device-agnostic

How to navigate the new device-agnostic classroom


How can schools ensure that they are creating effective, purposeful learning environments in a device-agnostic classroom? It helps to begin by asking 3 questions.

“How can I ensure my digital learning ecosystem will support my students?”

Once the “why” goals have been established, you can move to the “how” and begin evaluating potential digital resources in a more meaningful way. At this stage, it’s important to ask: How do our resources align with the learning objectives? Rather than solely focusing on operating systems and browser support, it’s important to determine “how” the platforms and applications will facilitate teaching and learning.

For some districts, this step can be intimidating, but thankfully there are a variety of organizations that provide support. Future Ready Schools® and the IMS Global Learning Consortium provide excellent best practices and frameworks for digital device implementation. Future Ready Schools helps district leaders evaluate and plan how to implement personalized, research-based learning environments, and IMS Global, which is quickly becoming the industry standard for ed-tech interoperability, can help districts map out the infrastructure of these digital systems.

In addition to providing and planning for the successful implementation of new technologies and operating systems, it is also critical for education leaders to provide ongoing, sustainable professional learning and development for teachers and IT professionals. At the same time, district administrators and school leaders should carefully choose external partners who can work closely with them on an ongoing basis and evolve as the district does.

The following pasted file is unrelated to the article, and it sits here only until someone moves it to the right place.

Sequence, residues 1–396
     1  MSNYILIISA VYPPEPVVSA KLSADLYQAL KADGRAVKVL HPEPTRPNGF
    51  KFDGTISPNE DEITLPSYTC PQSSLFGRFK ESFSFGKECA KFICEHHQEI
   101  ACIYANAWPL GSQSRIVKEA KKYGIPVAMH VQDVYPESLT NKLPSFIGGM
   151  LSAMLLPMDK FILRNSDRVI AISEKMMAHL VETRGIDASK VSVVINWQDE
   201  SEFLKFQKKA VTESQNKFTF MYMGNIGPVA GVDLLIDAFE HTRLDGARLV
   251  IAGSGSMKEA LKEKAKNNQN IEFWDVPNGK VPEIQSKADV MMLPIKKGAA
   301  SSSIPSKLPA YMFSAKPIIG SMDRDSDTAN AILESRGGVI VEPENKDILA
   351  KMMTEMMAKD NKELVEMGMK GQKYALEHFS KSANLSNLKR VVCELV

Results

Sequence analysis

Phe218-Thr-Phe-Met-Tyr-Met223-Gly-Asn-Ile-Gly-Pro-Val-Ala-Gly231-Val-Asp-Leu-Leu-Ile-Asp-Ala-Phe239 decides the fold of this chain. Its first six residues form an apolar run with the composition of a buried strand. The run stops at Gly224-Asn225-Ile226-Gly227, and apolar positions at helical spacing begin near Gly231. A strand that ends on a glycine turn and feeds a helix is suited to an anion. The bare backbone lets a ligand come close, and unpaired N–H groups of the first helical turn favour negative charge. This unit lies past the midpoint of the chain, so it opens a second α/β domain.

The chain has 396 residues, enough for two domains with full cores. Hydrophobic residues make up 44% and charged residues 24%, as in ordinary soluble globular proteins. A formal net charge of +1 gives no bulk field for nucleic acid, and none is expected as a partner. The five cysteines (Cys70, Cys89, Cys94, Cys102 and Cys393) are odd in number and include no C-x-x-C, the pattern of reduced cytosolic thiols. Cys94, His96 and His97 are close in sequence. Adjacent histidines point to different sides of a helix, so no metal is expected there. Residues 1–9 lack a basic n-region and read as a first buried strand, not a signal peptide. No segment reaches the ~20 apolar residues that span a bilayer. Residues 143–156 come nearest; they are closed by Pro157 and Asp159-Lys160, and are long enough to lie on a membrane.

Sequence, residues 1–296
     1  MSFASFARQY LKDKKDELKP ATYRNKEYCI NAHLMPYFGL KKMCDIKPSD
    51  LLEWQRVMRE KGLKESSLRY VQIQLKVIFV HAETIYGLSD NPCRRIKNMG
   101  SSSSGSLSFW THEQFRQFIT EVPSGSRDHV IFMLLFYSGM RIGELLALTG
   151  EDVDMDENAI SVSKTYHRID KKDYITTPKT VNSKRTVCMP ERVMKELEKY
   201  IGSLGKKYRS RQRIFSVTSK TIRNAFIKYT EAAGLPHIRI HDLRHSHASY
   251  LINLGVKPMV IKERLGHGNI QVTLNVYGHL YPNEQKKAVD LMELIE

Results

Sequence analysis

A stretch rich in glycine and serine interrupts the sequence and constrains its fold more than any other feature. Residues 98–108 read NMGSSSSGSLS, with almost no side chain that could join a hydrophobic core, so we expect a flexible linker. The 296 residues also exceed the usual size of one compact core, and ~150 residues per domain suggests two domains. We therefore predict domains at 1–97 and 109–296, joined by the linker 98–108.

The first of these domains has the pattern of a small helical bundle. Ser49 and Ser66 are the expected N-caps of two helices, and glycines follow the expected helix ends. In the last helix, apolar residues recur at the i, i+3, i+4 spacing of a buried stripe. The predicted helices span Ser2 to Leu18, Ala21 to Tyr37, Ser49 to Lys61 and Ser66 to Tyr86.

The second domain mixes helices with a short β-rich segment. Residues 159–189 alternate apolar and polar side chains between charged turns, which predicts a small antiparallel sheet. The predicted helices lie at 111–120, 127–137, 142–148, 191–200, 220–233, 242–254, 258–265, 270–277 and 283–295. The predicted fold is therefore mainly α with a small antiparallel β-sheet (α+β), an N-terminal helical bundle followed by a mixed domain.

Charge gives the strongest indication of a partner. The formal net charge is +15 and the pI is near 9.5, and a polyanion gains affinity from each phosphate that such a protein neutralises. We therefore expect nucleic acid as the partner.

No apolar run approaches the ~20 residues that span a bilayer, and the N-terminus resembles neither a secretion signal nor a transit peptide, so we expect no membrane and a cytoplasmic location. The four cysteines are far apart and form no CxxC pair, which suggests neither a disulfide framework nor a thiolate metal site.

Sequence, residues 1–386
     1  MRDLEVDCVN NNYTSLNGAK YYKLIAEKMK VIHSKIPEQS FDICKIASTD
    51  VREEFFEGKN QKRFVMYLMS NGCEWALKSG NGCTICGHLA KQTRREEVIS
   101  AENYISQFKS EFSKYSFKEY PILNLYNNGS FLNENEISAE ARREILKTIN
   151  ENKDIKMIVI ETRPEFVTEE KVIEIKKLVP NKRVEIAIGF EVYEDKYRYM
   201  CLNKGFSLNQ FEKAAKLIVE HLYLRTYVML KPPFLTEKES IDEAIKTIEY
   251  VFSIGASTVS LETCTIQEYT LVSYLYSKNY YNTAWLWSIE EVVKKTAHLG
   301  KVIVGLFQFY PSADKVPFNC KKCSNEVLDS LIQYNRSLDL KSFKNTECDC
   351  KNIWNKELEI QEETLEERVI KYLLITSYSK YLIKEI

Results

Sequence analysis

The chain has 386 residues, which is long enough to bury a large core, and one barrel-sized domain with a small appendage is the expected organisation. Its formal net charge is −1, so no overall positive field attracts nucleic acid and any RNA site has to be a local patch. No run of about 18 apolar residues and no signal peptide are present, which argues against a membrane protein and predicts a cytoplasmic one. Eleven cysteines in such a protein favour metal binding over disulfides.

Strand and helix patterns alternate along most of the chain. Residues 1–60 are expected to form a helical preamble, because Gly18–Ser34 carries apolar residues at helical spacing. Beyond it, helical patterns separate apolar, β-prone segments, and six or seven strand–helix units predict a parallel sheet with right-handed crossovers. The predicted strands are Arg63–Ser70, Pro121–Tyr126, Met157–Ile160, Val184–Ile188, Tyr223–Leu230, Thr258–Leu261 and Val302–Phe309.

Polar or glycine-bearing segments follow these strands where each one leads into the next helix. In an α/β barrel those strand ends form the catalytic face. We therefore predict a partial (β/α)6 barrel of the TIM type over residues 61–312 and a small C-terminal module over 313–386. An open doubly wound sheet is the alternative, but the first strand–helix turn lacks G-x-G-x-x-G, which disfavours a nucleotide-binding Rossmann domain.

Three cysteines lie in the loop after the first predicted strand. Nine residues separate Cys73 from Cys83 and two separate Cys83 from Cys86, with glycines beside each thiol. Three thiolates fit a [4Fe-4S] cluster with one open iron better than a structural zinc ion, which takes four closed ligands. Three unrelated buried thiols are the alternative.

“What platforms and applications need to be in place to accomplish our goals?”

And that brings us to the third critical stage and questions: What platforms, applications and devices will help meet the established goals?

When considering digital content, platforms and devices, it’s vital for technology and curriculum teams to come together and make decisions collaboratively and collectively – and from the lens of various stakeholders.

For example, IT is concerned with security, student data privacy, operating systems, bandwidth, interoperability and if the technology will work on all the devices. Teachers and students want to seamlessly access content that is purposeful, differentiated and supports their learning goals – and it must be accessible whenever and wherever they are. Administrators want to see stronger results in student achievement and effective implementation of the technologies, devices and platforms, while being mindful of costs and sustainability.

All of these audiences and their needs have to be considered when creating a truly effective and meaningful device-agnostic learning environment. Establishing a highly impactful digital learning ecosystem (either from scratch or by repurposing elements of an existing platform) is rarely simple.

But as many school districts have already demonstrated, starting with the reasons why a digital learning ecosystem needs to be in place, how it supports teaching and learning, and what platforms and applications support the goals, can lead to success.

Latest posts by eSchool Media Contributors (see all)

Want to share a great resource? Let us know at submissions@eschoolmedia.com.